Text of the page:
As for actually making it a goal, Dane says the idea of it, “puts so much pressure on myself I melt down.”

A good interview with an interesting surfer.

Dylan Reddering
Dylan Reddering survived a hit by a great white on Friday. The following day, and a little down the coast, another surfer was hit and lost their right leg.

South Africa: Two Great White Attacks in Two Days!

Shitty weekend for surfers in North Carolina and in Cape Town… 

It sure is hard to keep up with the news sometimes. A couple of shark attacks over the weekend in North Carolina, a south-eastern US state, lit up the wires and… now… a couple more, this time in South Africa.

Two attacks by suspected Great Whites, both on surfers.

First, around dusk on Friday, at Lookout Beach, Dylan Reddering, 23, was bitten on the right side of his body. Dylan kicked the shark away only to became stuck in a current while trying to swim back to shore.

In a little twist, his dad was one of the first to respond to the attack. He heard an emergency siren indicating there had been an incident at sea and rushed out to respond.

“I didn’t know it was my son. When I got to the (NSRI) station I was told there’s a shark attack. The boats were already out. A friend called me (and said) it was Dylan. My friend said: ‘Dylan is okay, don’t worry.’ You have no idea what those words meant.”

The following day, 19-year-old Caleb Swanepoel was surfing at Buffels Bay thirty k’s away, when he was attacked. He lost his right leg.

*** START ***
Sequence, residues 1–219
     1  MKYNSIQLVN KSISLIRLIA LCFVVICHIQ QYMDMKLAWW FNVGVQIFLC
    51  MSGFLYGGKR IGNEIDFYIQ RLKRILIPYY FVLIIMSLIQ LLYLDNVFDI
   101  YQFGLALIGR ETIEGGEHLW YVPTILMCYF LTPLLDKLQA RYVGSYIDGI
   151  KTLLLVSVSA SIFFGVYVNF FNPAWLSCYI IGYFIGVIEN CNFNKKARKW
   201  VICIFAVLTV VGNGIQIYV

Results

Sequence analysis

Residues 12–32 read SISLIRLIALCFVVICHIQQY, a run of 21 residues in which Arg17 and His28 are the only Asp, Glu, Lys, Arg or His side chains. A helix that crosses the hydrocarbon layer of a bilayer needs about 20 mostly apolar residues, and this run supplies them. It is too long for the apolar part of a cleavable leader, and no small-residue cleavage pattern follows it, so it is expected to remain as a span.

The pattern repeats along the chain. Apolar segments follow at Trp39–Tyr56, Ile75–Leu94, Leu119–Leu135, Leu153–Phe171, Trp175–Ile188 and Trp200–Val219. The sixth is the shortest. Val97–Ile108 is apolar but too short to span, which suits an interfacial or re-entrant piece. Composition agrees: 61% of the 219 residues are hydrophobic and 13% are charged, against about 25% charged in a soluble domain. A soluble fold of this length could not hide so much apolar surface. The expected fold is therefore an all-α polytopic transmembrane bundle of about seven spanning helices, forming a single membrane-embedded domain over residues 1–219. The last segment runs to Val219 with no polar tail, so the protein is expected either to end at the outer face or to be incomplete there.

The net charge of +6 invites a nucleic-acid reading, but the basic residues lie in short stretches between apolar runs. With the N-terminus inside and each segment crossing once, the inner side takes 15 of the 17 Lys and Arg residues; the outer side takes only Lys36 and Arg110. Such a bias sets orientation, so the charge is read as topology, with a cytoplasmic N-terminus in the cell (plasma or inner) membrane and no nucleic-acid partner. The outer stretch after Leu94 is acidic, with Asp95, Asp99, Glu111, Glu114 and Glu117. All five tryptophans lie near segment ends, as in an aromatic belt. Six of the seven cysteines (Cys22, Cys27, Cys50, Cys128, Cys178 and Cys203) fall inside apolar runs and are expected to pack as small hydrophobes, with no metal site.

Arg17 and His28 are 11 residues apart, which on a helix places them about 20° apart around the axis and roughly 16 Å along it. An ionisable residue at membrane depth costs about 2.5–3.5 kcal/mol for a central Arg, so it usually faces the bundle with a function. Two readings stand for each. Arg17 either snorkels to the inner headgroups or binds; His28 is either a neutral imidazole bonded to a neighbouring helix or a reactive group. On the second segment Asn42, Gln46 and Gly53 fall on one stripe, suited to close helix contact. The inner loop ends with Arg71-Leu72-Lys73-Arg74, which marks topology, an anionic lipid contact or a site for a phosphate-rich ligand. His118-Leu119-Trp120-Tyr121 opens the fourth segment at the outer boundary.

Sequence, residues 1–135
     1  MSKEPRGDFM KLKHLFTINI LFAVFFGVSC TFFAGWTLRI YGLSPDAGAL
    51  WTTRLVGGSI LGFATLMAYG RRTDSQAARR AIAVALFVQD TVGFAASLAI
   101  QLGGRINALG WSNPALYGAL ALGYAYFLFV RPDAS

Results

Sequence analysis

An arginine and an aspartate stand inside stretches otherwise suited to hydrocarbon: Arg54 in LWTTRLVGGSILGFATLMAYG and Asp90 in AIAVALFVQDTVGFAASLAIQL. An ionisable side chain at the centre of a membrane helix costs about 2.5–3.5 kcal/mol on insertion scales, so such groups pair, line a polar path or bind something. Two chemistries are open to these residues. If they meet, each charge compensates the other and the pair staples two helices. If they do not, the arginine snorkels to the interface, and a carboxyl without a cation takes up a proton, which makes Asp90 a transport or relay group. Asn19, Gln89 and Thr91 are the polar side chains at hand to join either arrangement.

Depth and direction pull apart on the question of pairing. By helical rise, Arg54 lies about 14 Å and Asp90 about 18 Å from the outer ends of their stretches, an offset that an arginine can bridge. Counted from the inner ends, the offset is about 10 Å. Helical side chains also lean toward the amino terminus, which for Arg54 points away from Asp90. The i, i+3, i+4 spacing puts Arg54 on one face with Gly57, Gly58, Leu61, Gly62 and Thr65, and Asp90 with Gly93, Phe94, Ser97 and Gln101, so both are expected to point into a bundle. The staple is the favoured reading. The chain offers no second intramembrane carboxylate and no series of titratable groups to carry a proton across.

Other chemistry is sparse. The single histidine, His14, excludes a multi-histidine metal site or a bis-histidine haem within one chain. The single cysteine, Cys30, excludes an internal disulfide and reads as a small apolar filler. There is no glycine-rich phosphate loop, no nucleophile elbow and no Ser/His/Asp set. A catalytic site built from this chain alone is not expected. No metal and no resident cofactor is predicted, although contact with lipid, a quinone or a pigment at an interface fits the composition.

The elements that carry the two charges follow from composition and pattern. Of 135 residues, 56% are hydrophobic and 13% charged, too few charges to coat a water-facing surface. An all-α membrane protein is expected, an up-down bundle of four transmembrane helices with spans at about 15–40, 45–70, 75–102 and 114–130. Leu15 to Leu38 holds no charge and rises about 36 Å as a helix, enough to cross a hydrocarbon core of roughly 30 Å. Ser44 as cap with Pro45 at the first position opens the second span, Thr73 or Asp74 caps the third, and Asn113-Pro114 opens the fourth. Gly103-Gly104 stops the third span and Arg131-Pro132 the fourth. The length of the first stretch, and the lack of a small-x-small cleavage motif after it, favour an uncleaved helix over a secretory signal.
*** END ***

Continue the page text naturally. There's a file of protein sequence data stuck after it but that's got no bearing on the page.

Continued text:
Last month, Cape Town surfer Mathieu Dasnois surrvied a hit by a four-metre white.

Which all begs the question, would you still go surfing in South Africa? Or are shark attacks, now, like Margaret River or Reunion, just part of the game?

Cape Hatteras: Two shark attacks in two days!

Let's go surf! No… wait… 

It ain’t the time to be in the water around Cape Hatteras, or anywhere in the states North and South Carolina, for that matter.

On Friday, June 26, a man was in waist-deep water on Hatteras Island when he was bitten on his leg and back. An hour earlier on the same day in South Carolina, a man was bitten while swimming off Hunting Island.

The next day, Saturday, June 27, a 17-year-old boy got hit while swimming, bitten on the right calf, ass and both hands.

A little under two weeks ago, in two separate attacks only 90 minutes apart, a 13-year-old girl and 16-year-old boy each lost an arm at the same North Carolina beach. His below the shoulder, hers at the elbow. The girl also sustained serious tissue damage to her leg.

(Read about that two-pronted attack here.)

Who knew raquetball could be so… fun!


Mick Fanning and the most important thing ever.

Ever. By far.

Sports broadcasting is obsessed with building hero narratives around every single moment. Every little shot, putt, throw, kick, swing, pitch, backside 360 or tube carries the weight of the whole world. The participants/observers will talk about the event with much gravitas, afterward, letting the viewer know that history would not be the same if it had not occurred.

Here Mick Fanning wins the 2013 Association of Surfing Professionals world title. An astroid did not hit the earth because of it. Thanks Mick!